Barley harvest is largely complete for Northern Hemisphere countries. Crops for Canada, the European Union, Russia, and Ukraine are larger than a year ago, contributing to sharply higher global production for 2019/20, the largest since 2008/09. Harvest in the Southern Hemisphere countries, mainly Argentina and Australia, is still a few months away, although Australia’s prospects are lowered this month.
Prospects of large exportable supplies have already driven export prices down 25 percent ($60 per ton) from a year ago. Note the high prices for Australia are likely a function of current crop expectations.
Growth in import demand, nevertheless, is expected to be limited due to developments in the top importing countries. Saudi Arabia has been shifting away from feeding raw barley to using manufactured feed in feed rations to improve feed efficiency.
China’s imports from its top supplier, Australia, have slowed down amid the ongoing antidumping investigation. Any growth in feed use in China will likely be constrained by animal losses from African Swine Fever. Saudi Arabia and China combined account for 60 percent of global barley imports.
Moreover, abundant supplies of corn in the global market will also heighten competition in feed demand, as corn is priced much lower than feed barley and generally considered to be of higher energy value in feed rations.
China’s Sorghum and Barley Balance Sheet Revised
This month, China’s Supply and Demand balance sheets for sorghum and barley are revised to incorporate the revisions by China’s National Bureau of Statistics (NBS). In August, the NBS released revised area, yield, and production estimates for sorghum and barley from 2007/08 through 2017/18 based on its most recent agricultural census.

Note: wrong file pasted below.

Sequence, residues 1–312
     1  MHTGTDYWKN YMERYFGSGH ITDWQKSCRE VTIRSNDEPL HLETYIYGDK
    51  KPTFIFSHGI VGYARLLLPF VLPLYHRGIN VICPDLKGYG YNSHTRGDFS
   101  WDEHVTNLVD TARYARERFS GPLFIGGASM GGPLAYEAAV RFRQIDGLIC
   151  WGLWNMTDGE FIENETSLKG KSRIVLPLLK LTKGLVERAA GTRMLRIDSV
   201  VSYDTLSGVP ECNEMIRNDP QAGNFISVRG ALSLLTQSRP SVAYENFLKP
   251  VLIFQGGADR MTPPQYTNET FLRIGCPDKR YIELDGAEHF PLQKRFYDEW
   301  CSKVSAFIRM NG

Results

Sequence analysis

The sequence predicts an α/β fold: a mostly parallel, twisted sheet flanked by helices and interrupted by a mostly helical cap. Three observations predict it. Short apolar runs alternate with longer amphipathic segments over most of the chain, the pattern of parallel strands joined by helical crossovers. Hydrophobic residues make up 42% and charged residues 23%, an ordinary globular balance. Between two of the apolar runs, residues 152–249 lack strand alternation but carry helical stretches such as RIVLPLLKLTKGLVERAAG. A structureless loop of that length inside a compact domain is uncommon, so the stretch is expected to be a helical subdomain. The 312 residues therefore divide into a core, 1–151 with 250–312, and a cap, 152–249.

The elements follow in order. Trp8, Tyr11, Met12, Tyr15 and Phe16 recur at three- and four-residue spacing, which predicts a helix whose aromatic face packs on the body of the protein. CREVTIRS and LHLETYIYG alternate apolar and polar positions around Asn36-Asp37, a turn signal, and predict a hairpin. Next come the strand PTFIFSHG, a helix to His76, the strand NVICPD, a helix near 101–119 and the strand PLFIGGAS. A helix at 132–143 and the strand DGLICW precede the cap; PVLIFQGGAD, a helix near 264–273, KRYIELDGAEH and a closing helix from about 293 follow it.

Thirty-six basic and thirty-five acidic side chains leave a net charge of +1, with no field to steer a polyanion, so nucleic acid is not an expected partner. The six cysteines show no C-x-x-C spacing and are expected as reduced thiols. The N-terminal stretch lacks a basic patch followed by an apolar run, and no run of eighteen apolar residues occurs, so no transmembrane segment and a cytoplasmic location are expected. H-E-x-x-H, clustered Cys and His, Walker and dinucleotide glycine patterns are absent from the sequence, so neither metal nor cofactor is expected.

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For sorghum, the NBS revision takes away a cumulative 4.6 million tons in production for the 10-year period. For barley, the revision removes a cumulative 2.3 million tons in production for the period. With substantial reductions in supply, total consumption in both categories – food, seed, industrial use as well as feed and residual use – are adjusted slightly lower, reflecting relatively strong demand at the time. Ending stocks fall lower on smaller production and this relatively strong use.
The magnitude of the revision appears significant for both sorghum and barley. However, the revision has little impact on supply and use for coarse grains (corn, barley, sorghum, oats, and rye) because corn is the largest and most commonly produced and used crop. Sorghum and barley combined account for only about 2 percent of coarse grain production and 5 percent of coarse grain use.